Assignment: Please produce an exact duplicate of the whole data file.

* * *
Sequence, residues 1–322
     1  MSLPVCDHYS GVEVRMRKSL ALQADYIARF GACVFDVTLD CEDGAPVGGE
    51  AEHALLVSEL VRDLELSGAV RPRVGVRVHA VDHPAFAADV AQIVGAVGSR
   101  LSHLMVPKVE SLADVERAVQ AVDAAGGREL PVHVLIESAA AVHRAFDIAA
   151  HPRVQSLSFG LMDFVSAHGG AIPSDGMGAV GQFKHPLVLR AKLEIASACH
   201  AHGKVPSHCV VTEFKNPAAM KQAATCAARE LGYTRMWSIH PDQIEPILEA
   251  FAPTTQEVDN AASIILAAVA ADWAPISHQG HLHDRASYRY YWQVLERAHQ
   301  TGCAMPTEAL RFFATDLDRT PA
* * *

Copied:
Sequence, residues 1–322
     1  MSLPVCDHYS GVEVRMRKSL ALQADYIARF GACVFDVTLD CEDGAPVGGE
    51  AEHALLVSEL VRDLELSGAV RPRVGVRVHA VDHPAFAADV AQIVGAVGSR
   101  LSHLMVPKVE SLADVERAVQ AVDAAGGREL PVHVLIESAA AVHRAFDIAA
   151  HPRVQSLSFG LMDFVSAHGG AIPSDGMGAV GQFKHPLVLR AKLEIASACH
   201  AHGKVPSHCV VTEFKNPAAM KQAATCAARE LGYTRMWSIH PDQIEPILEA
   251  FAPTTQEVDN AASIILAAVA ADWAPISHQG HLHDRASYRY YWQVLERAHQ
   301  TGCAMPTEAL RFFATDLDRT PA